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Justice News

Department of Justice
U.S. Attorney’s Office
Eastern District of Texas

Monday, October 2, 2017

Tax Preparer Guilty in SYAM Tax Service Scheme and Failing to Appear for Trial

                BEAUMONT, Texas – A 39-year-old Dallas tax preparer has pleaded guilty to federal violations in the Eastern District of Texas, announced Acting U.S. Attorney Brit Featherston today. The defendant Shannon Tecoko Mays pleaded guilty to federal tax violations and failure to appear for his trial on that charge in early 2015.  Mays entered his guilty plea to two felony indictments today before U.S. Magistrate Judge Zack Hawthorn.


                According to information presented in court, an investigation began in August 2012 in response to numerous complaints to state and federal authorities from citizens in Port Arthur, Anahuac, Nacogdoches and Lufkin, Texas regarding income tax returns that were being fraudulently prepared on their behalf.  During the investigation, it was discovered that Mays was operating numerous offices across the United States under the name “Syam Tax Services, L.L.C.” and “Baby Momma Tax.”  Although the principal office was located in Dallas, Mays also operated or sought to operate satellite offices in numerous other locations, including Fort Worth, Houston, New Orleans, Memphis, Atlanta, Chicago and Los Angeles. 


                Mays was indicted in February 2014 and alleged to have targeted individuals who were generally exempt from having to file income tax returns because they would be less likely to discover a fraudulent tax return had been filed on their behalf.  To further facilitate the scheme, Mays employed “recruiters,” paying them from $50-100 for every client they successfully brought into Syam Tax.  In order to avoid detection, Mays altered the taxpayer’s address and phone numbers on the returns so that any phone calls or correspondence from the IRS would not reach the taxpayer.  The scheme also used electronic deposits to ensure paper checks would not be mailed to the taxpayer.  For the tax year 2011, Mays filed 4,226 tax returns claiming approximately $6,000,000 in refunds. A successful injunction suit brought by the Texas Attorney General’s Office – Consumer Protection Division in 2014 recovered approximately $1,282,000 from Syam Tax Service bank accounts which was returned to the U.S. Treasury. One recruiter form the Port Arthur area, Diana Broussard McCoy, pleaded guilty to the conspiracy charge in January 2015, and was sentenced to five years probation by Chief Judge Ron Clark. Another recruiter, Myra Jones, pleaded guilty in March, 2014, to Impersonating an Internal Revenue Service employee, and was also sentenced to probation by Chief Judge Ron Clark.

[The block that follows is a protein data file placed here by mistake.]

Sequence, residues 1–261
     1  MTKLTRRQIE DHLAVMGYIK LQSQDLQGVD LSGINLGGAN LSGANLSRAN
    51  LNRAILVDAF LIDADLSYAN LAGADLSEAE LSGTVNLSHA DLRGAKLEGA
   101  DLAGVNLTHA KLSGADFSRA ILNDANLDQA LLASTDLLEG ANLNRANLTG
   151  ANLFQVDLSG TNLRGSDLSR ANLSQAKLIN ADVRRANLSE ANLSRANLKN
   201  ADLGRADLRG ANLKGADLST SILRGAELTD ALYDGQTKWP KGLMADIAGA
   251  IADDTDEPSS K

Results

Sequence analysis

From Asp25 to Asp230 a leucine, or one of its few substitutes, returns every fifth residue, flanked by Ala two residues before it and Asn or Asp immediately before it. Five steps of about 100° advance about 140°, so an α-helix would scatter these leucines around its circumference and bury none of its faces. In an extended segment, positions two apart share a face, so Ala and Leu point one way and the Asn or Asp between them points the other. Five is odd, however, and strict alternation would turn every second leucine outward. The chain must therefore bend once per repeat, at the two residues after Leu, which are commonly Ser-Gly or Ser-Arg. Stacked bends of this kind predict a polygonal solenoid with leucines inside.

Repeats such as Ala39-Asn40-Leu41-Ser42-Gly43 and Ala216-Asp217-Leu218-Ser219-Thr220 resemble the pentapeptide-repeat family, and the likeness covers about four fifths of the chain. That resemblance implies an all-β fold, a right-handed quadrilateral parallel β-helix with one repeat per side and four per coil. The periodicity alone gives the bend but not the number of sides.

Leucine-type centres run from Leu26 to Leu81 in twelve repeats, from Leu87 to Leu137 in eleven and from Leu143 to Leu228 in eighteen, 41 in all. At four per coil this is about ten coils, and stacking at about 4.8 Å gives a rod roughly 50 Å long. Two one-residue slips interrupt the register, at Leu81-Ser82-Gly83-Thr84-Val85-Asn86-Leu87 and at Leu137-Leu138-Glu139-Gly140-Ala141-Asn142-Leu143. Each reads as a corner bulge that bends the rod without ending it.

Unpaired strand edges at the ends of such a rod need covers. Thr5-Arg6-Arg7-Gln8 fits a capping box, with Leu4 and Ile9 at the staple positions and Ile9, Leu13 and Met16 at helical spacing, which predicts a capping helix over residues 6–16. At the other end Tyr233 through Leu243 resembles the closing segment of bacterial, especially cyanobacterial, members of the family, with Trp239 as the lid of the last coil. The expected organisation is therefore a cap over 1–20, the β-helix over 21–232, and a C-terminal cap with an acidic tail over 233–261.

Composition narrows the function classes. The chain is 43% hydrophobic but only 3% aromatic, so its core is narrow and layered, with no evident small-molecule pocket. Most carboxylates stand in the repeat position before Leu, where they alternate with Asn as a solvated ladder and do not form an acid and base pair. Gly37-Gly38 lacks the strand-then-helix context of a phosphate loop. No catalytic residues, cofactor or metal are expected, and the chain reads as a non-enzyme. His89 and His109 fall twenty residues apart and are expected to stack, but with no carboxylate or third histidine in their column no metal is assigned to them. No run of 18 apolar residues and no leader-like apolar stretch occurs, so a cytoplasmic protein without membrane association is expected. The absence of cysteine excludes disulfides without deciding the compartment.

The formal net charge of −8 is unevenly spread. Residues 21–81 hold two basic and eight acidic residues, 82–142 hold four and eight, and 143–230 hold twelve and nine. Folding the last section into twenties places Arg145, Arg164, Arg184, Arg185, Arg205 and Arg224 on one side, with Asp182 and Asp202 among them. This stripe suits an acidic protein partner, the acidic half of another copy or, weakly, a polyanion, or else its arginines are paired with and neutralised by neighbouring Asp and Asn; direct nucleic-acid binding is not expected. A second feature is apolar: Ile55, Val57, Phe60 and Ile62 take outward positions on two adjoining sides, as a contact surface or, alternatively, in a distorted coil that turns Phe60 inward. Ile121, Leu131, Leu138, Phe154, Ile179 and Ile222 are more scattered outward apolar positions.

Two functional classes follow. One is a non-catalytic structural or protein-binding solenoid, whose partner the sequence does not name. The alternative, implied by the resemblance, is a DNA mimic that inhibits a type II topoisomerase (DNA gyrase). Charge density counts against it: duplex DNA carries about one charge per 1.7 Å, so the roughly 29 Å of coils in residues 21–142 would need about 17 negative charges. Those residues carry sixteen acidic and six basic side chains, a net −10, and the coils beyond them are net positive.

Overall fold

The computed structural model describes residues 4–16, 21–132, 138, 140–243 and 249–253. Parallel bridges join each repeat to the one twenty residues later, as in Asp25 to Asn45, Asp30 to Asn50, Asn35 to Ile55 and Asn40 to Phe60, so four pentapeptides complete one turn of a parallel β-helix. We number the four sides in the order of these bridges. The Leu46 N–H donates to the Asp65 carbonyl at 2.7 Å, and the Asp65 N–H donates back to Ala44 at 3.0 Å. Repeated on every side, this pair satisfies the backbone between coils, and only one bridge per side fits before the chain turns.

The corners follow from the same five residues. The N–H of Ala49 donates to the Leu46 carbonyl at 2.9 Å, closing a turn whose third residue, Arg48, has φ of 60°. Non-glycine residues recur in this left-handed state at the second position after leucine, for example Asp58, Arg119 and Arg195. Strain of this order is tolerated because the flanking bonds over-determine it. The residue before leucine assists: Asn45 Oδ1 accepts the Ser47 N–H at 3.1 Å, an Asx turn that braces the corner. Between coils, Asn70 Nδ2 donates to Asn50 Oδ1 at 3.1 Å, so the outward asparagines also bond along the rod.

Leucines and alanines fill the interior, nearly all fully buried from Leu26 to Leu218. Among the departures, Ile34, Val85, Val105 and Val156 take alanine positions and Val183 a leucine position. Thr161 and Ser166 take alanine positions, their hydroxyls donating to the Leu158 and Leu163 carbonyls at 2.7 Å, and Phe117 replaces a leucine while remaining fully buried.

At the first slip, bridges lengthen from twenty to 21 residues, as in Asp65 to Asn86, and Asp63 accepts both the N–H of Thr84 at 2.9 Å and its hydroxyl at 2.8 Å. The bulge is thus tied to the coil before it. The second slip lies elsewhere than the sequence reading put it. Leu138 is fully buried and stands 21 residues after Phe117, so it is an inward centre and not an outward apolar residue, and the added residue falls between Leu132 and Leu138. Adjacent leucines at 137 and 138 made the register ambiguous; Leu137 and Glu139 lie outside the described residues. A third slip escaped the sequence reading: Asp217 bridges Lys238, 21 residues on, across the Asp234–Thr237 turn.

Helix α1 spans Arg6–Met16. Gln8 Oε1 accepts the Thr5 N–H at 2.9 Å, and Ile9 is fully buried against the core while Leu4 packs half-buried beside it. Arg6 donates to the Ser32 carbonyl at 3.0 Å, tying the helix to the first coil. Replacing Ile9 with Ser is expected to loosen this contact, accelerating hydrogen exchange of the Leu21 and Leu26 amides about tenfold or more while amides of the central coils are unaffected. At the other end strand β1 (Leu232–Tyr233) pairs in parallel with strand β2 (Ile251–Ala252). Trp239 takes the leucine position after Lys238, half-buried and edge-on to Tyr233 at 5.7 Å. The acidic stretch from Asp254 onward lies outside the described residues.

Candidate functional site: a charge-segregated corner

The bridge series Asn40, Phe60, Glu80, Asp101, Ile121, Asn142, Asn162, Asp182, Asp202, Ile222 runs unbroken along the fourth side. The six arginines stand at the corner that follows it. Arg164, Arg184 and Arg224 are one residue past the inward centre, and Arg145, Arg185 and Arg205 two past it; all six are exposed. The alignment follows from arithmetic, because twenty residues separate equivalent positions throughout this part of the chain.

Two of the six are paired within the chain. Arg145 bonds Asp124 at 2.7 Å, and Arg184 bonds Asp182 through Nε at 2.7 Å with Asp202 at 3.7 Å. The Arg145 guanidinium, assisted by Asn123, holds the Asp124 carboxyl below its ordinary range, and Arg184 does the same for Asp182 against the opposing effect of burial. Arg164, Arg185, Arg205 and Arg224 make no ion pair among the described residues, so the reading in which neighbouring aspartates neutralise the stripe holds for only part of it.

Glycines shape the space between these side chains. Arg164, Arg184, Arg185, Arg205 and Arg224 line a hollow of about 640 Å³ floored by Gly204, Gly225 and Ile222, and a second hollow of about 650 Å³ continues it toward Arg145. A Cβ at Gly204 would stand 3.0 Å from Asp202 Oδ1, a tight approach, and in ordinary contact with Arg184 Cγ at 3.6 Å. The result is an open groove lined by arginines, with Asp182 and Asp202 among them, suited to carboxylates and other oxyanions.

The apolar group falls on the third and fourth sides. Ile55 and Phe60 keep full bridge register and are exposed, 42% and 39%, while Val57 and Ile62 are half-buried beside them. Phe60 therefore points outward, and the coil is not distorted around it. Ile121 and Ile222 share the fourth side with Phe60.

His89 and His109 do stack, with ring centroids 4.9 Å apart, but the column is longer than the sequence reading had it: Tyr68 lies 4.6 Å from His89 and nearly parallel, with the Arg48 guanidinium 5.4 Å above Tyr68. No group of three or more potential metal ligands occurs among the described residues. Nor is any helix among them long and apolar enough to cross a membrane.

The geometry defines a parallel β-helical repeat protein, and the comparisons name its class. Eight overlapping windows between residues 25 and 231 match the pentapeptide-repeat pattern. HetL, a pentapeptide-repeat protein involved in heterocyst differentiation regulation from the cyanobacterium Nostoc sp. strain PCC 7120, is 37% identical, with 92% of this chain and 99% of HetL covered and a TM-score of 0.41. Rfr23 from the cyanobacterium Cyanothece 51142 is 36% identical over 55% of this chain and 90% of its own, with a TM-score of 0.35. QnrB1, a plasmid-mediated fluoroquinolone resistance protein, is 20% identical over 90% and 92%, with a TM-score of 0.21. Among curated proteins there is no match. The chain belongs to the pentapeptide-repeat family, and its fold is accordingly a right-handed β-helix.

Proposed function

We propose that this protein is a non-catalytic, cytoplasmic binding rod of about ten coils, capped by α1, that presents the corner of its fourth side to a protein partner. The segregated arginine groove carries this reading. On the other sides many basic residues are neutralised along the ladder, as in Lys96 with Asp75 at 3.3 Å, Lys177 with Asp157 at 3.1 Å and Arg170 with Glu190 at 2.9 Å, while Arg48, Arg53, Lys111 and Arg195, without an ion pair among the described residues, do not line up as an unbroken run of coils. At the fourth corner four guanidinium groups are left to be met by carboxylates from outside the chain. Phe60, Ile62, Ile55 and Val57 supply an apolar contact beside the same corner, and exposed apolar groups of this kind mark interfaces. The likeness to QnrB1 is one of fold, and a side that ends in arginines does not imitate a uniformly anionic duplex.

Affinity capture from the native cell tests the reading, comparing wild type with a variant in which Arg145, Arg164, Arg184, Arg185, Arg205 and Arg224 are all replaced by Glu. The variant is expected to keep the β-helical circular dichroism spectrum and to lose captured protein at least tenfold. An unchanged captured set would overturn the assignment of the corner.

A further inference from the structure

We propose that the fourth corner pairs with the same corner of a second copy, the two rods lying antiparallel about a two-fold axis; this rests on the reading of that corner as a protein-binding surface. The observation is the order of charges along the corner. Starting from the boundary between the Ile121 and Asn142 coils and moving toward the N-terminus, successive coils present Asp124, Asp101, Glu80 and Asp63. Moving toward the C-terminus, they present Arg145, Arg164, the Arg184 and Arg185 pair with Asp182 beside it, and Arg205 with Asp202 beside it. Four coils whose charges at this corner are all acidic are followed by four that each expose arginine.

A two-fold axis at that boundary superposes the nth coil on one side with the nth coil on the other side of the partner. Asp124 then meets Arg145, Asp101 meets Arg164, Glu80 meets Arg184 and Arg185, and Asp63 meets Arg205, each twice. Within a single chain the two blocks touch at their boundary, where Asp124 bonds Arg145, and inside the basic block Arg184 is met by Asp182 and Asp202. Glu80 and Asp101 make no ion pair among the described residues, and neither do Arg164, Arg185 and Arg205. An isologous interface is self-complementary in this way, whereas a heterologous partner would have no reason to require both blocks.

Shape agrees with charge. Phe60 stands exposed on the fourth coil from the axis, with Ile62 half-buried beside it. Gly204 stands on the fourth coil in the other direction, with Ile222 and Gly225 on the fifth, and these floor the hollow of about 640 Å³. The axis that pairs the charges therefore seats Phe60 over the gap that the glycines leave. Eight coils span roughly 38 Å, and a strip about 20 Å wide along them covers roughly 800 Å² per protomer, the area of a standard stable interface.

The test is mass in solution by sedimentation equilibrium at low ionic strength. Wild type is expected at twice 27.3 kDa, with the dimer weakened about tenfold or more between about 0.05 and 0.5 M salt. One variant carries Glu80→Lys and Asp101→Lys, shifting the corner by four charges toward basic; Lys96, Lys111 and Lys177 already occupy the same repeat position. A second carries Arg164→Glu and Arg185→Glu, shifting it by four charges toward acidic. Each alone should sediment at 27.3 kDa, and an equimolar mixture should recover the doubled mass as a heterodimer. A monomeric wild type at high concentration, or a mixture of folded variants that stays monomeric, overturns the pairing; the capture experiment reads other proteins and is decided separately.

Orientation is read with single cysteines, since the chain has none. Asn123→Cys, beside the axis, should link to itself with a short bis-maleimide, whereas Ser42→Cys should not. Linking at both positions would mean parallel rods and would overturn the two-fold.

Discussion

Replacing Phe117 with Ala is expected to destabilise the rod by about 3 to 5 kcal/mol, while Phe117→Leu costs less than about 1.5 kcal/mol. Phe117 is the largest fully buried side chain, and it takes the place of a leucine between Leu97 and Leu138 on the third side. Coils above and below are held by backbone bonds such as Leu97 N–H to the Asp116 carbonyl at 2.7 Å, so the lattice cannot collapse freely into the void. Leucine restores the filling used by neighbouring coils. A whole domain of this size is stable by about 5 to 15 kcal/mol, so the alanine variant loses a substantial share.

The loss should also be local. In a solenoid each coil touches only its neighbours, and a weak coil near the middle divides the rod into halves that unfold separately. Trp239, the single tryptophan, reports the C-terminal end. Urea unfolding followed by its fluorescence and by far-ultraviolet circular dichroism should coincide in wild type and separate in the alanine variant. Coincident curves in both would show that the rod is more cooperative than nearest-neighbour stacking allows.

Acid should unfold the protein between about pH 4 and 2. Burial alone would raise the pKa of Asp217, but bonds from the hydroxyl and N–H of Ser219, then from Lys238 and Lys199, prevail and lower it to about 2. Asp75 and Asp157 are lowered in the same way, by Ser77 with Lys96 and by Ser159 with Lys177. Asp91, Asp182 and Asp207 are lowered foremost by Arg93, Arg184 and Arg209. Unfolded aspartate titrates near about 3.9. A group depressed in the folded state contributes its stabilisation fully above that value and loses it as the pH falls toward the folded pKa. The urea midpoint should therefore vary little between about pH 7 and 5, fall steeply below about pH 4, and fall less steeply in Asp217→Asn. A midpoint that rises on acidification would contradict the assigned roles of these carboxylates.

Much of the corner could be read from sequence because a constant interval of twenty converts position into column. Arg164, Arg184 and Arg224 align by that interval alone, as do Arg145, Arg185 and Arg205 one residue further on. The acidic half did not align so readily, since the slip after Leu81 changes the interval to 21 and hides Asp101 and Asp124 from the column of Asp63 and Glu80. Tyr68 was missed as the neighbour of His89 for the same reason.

When trial was set for January 2015, Mays failed to appear for the final pretrial conference on January 8 and then failed to appear for trial on January 12.  Mays was indicted by a federal grand jury for Obstruction of Justice the following month and he remained a fugitive until his capture by U.S. Marshals in Fort Worth in August 2017.  At sentencing, Mays faces up to 20 years in federal prison on the wire fraud conspiracy and ten years on the Obstruction charge, of which the sentence for obstruction must run consecutive. A sentencing date before Chief Judge Ron Clark will be set after completion of a presentence report.


                This case was investigated by Internal Revenue Service – Criminal Investigation Division, Federal Bureau of Investigation, the Port Arthur Police Department, the Texas Attorney General’s Office – Consumer Protection Division, and the Treasury Inspector General for Tax Administration.  This case was prosecuted by Assistant U.S. Attorneys Robert L. Rawls and Chris Tortorice.


Updated October 16, 2017